parttool hd0,1 hidden+ boot-
 
parttool hd0,2 hidden+ boot-
 
parttool hd0,3 hidden- boot+
 
set root=hd0,3
 
chainloader +1
 
boot
 
 
 
=== LVM ===
 
 
 
If you use [[LVM]] for your {{ic|/boot}}, make sure that the {{ic|lvm}} module is preloaded:
 
 
 
{{hc|/etc/default/grub|2=
 
GRUB_PRELOAD_MODULES="lvm"
 
 
}}
 
}}
  
=== RAID ===
+
{{Note|In some cases, GRUB may be installed without a clean Windows 8, in which case you cannot boot Windows without having an error with {{ic|\boot\bcd}} (error code {{ic|0xc000000f}}). You can fix it by going to Windows Recovery Console ({{ic|cmd.exe}} from install disk) and executing:
  
GRUB provides convenient handling of RAID volumes. You need to add {{ic|insmod mdraid}} which allows you to address the volume natively. For example, {{ic|/dev/md0}} becomes:
+
X:\> bootrec.exe /fixboot
  set root=(md/0)
+
  X:\> bootrec.exe /RebuildBcd
  
whereas a partitioned RAID volume (e.g. {{ic|/dev/md0p1}}) becomes:
+
Do '''not''' use {{ic|bootrec.exe /Fixmbr}} because it will wipe GRUB out.
set root=(md/0,1)
+
Or you can use Boot Repair function in the Troubleshooting menu - it will not wipe out GRUB but will fix most errors.
 
+
Also you would better keep plugged in both the target hard drive and your bootable device '''ONLY'''. Windows usually fails to repair boot information if any other devices are connected.
To install grub when using RAID1 as the {{ic|/boot}} partition (or using {{ic|/boot}} housed on a RAID1 root partition), on devices with GPT ef02/'BIOS boot partition', simply run ''grub-install'' on both of the drives, such as:
 
# grub-install --target=i386-pc --recheck --debug /dev/sda
 
# grub-install --target=i386-pc --recheck --debug /dev/sdb
 
 
 
Where the RAID 1 array housing {{ic|/boot}} is housed on {{ic|/dev/sda}} and {{ic|/dev/sdb}}.
 
 
 
=== Multiple entries ===
 
 
 
For tips on managing multiple GRUB entries, for example when using both {{Pkg|linux}} and {{Pkg|linux-lts}} kernels, see [[GRUB/Tips and tricks#Multiple entries]].
 
 
 
=== Encryption ===
 
 
 
==== Root partition ====
 
 
 
For an encrypted root filesystem, it is necessary to edit {{ic|/etc/default/grub}} with the parameters required to unlock the encrypted filesystem during boot. For example, if the [[mkinitcpio]] {{ic|encrypt}} hook is used, the {{ic|cryptdevice}} parameter must be added to {{ic|GRUB_CMDLINE_LINUX<nowiki>=</nowiki>""}} command. In the example below, the {{ic|sda2}} partition has been encrypted as {{ic|/dev/mapper/cryptroot}}:
 
 
 
{{hc|/etc/default/grub|2=
 
GRUB_CMDLINE_LINUX="cryptdevice=/dev/sda2:cryptroot"
 
 
}}
 
}}
 
Once {{ic|/etc/default/grub}} has been amended, it will then be necessary to [[#Generate the main configuration file]].
 
 
For further information about bootloader configuration for encrypted devices, see [[Dm-crypt/System configuration#Boot loader]].
 
 
{{Tip|If you are upgrading from a working GRUB Legacy configuration, check {{ic|/boot/grub/menu.lst.pacsave}} for the correct device/label to add. Look for them after the text {{ic|kernel /vmlinuz-linux}}.}}
 
 
==== Boot partition ====
 
 
The GRUB [https://www.gnu.org/software/grub/manual/grub.html#Simple-configuration parameter] {{ic|GRUB_ENABLE_CRYPTODISK}} can be used to enable GRUB to ask for a password to open a [[LUKS]] blockdevice in order to read its configuration and load any [[initramfs]] and [[kernel]] from it. This option tries to solve the issue of having an [[Dm-crypt/Specialties#Securing_the_unencrypted_boot_partition|unencrypted boot partition]].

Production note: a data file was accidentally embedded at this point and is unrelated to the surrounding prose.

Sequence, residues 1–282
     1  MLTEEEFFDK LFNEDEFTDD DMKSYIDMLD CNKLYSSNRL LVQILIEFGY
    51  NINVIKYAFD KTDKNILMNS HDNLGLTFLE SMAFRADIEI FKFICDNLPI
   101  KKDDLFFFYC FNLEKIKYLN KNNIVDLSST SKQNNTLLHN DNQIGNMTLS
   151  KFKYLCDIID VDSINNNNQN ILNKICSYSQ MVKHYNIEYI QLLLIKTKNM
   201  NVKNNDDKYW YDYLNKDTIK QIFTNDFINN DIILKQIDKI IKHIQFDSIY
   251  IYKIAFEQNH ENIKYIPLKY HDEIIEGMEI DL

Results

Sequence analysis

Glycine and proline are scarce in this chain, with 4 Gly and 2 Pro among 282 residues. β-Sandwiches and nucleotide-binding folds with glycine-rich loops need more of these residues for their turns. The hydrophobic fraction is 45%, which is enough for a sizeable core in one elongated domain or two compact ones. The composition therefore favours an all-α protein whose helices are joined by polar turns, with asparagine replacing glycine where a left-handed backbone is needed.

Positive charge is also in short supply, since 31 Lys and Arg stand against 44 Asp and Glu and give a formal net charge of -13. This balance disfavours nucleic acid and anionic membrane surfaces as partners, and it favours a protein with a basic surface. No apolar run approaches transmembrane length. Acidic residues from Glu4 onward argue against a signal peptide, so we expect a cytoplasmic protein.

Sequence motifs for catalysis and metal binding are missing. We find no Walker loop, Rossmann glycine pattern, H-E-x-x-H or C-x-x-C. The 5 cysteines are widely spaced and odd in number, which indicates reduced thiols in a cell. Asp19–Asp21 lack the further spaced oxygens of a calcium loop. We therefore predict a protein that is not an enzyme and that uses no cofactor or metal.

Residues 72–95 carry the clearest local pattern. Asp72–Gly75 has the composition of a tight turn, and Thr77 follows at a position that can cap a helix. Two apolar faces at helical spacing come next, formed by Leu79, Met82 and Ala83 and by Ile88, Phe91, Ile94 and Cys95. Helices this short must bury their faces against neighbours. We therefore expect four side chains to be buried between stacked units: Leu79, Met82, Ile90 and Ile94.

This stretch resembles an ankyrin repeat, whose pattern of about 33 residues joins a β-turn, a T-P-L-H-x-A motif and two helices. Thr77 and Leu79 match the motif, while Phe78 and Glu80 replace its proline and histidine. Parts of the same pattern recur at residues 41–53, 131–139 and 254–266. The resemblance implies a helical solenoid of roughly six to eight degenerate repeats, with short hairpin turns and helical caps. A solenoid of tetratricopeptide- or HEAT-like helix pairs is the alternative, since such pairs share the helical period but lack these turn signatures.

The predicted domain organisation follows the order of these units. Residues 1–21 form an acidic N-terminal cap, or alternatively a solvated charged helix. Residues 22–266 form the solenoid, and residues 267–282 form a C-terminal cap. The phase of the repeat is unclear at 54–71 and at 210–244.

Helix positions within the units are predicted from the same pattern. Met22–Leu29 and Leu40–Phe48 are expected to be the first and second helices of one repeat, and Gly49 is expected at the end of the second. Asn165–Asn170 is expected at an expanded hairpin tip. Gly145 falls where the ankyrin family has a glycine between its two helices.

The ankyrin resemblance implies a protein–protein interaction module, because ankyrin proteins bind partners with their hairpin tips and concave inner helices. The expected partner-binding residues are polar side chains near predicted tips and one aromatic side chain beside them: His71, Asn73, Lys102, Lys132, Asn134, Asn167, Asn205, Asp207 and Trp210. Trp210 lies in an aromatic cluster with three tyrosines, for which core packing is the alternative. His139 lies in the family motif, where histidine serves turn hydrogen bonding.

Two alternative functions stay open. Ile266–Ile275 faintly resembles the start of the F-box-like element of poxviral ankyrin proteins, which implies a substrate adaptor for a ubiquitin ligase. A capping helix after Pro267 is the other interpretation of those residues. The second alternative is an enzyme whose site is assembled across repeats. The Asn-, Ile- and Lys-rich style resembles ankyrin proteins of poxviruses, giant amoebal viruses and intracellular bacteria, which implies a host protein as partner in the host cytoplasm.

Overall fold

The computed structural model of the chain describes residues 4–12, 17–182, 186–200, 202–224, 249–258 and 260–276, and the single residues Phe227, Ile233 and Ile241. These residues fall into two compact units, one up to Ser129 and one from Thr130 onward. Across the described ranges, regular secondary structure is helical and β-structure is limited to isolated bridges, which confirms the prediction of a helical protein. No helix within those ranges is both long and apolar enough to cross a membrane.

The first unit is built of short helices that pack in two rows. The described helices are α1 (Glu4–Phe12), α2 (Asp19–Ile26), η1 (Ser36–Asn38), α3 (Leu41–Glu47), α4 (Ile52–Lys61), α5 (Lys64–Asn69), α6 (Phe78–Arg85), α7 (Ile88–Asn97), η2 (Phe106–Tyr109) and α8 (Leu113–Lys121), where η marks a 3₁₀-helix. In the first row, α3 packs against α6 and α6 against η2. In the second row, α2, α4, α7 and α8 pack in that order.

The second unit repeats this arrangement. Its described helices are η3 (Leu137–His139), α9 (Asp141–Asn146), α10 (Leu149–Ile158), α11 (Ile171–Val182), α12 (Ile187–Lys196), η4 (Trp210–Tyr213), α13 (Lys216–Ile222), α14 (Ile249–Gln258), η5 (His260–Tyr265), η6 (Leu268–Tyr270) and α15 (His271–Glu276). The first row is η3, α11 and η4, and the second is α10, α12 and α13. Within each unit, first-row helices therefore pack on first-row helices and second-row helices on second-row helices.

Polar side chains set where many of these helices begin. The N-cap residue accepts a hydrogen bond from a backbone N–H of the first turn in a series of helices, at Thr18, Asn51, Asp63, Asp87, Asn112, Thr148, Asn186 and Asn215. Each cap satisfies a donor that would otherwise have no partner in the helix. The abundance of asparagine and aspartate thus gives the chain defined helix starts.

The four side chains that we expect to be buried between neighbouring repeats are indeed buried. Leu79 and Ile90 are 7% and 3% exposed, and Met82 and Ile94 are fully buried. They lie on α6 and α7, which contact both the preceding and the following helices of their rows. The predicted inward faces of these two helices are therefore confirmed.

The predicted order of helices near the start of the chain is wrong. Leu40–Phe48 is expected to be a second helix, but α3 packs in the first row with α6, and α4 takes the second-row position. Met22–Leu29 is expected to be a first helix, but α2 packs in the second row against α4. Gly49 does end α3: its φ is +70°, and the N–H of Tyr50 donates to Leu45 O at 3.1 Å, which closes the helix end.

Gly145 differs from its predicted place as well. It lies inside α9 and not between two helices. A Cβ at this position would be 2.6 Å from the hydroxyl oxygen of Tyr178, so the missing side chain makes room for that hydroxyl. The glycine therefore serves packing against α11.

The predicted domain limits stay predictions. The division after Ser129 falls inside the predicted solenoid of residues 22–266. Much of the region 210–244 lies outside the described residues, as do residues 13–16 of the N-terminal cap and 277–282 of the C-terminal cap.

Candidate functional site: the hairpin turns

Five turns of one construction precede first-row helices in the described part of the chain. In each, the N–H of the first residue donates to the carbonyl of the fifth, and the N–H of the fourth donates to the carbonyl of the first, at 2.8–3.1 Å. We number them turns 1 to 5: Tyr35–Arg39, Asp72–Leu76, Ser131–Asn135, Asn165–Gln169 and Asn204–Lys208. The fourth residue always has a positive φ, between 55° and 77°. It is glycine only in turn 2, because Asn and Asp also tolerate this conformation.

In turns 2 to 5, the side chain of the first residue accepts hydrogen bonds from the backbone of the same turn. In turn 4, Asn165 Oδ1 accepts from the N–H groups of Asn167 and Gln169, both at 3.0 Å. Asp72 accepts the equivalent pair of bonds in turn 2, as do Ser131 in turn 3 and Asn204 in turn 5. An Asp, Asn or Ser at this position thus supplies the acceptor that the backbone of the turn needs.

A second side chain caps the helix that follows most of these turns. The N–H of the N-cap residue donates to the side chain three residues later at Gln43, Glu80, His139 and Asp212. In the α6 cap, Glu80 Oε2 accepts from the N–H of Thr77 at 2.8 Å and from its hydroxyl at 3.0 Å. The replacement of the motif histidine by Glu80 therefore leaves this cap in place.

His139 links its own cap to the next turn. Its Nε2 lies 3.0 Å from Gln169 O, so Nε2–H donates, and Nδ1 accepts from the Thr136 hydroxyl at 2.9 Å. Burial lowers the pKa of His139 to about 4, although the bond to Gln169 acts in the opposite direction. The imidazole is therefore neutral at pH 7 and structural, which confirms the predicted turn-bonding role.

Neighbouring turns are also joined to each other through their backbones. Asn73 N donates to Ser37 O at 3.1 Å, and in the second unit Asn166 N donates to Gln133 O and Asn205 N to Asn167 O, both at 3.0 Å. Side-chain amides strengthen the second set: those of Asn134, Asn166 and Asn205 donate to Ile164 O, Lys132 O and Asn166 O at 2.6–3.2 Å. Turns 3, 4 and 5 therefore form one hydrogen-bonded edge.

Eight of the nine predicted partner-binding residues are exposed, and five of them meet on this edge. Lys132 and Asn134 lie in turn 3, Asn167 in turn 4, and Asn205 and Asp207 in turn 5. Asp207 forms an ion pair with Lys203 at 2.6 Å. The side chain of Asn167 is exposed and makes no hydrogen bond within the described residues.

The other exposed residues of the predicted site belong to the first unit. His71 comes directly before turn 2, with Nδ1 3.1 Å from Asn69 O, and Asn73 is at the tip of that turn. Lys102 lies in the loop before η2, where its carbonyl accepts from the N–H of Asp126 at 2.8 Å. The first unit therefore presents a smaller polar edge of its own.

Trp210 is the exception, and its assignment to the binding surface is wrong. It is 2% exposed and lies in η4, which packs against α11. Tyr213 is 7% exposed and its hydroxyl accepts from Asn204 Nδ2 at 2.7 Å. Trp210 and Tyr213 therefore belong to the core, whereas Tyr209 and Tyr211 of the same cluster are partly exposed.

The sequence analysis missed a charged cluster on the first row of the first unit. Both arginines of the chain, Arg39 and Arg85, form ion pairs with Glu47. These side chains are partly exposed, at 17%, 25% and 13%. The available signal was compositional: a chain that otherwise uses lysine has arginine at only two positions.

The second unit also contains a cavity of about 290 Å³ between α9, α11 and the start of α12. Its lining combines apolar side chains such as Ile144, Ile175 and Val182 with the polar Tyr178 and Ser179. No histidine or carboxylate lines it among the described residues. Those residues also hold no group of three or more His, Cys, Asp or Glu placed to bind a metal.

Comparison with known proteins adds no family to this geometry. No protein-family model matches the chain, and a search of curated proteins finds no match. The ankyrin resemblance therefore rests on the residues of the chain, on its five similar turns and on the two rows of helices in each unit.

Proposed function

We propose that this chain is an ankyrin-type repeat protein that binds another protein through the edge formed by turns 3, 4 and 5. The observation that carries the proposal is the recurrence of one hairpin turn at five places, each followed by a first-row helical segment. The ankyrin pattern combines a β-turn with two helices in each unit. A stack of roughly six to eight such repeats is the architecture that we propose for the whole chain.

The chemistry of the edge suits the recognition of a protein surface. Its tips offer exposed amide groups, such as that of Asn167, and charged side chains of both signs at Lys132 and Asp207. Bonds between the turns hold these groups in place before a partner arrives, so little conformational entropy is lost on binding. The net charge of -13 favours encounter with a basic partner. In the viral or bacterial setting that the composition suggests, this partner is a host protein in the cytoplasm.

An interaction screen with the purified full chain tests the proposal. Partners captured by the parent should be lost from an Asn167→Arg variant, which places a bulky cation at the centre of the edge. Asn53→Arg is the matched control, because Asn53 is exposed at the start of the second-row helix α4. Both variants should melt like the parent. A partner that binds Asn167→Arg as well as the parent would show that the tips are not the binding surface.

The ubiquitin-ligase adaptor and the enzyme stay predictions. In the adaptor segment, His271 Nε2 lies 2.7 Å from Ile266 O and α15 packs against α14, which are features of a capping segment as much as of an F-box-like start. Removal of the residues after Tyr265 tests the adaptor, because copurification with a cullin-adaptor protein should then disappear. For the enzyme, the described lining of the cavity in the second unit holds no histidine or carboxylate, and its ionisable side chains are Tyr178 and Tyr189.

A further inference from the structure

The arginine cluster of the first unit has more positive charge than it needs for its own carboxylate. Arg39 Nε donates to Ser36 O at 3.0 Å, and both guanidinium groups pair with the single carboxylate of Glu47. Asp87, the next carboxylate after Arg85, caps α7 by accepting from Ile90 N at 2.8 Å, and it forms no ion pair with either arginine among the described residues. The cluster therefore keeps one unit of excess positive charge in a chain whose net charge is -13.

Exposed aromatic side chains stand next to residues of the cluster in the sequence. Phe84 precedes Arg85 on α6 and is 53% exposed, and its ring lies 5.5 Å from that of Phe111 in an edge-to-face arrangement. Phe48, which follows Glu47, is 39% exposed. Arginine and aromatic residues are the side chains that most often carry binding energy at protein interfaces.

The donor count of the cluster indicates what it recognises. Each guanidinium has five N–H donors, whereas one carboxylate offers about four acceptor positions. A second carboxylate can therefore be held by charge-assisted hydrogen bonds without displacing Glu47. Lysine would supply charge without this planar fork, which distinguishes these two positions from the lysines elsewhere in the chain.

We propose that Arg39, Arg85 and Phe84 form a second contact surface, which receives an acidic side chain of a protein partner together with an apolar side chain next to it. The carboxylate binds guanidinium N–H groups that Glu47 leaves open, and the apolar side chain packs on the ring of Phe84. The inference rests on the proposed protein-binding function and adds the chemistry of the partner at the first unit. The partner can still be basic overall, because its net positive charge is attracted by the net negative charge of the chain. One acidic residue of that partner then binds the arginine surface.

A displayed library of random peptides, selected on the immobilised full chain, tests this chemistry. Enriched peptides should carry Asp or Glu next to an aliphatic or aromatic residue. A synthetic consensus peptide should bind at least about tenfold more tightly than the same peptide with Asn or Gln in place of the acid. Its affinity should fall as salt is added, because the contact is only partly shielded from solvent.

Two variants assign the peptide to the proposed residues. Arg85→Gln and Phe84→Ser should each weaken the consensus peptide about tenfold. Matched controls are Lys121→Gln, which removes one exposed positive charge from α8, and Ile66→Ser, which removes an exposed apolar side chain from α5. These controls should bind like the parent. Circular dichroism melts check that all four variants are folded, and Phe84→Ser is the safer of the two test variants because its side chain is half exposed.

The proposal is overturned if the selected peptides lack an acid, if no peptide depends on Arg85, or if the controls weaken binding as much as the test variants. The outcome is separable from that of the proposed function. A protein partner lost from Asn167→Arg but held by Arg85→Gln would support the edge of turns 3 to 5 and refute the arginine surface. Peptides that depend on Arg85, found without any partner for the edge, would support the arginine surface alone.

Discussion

The feature is enabled by adding:
 
GRUB_ENABLE_CRYPTODISK=y
 
to {{ic|/etc/default/grub}}. After this configuration a subsequent run of ''grub-mkconfig'' to [[#Generate the main configuration file]] is required while the encrypted {{ic|/boot}} is mounted.
 
{{Note|{{ic|1=GRUB_ENABLE_CRYPTODISK=1}} [https://savannah.gnu.org/bugs/?41524 will not work] as opposed to the request shown in GRUB 2.02-beta2.}}
 
 
Depending on the system's setup, note the following:
 
 
* For the feature to work it is not required that {{ic|/boot}} is kept in a separate partition, it may also stay under the system's root {{ic|/}} directory tree.
 
 
* Without further changes you will be prompted twice for a passhrase: the first for GRUB to unlock the {{ic|/boot}} mount point in early boot, the second to unlock the root filesystem itself as described in [[#Root partition]].{{Tip|See [[Dm-crypt/Device encryption#With a keyfile embedded in the initramfs]] for a workaround.}}
 
 
* In order to perform system updates involving the {{ic|/boot}} mount point, it must be ensured that the encrypted {{ic|/boot}} is unlocked to be re-mounted by the initramfs and kernel during boot. With a separate {{ic|/boot}} partition, this may be accomplished by adding an entry to {{ic|/etc/crypttab}} with a keyfile. See [[Dm-crypt/System configuration#crypttab]].
 
 
* If you use a special keymap, a default GRUB installation will not know it. This is relevant for how to enter the passphrase to unlock the LUKS blockdevice.
 
 
* If you experience issues getting the prompt for a password to display (errors regarding cryptouuid, cryptodisk, or "device not found"), try reinstalling grub as below appending the following to the end of your installation command:
 
 
  grub-install --target=x86_64-efi --efi-directory=$esp --bootloader-id=grub --recheck '''--modules="part_gpt part_msdos"'''
 
  
 
== Using the command shell ==
 
== Using the command shell ==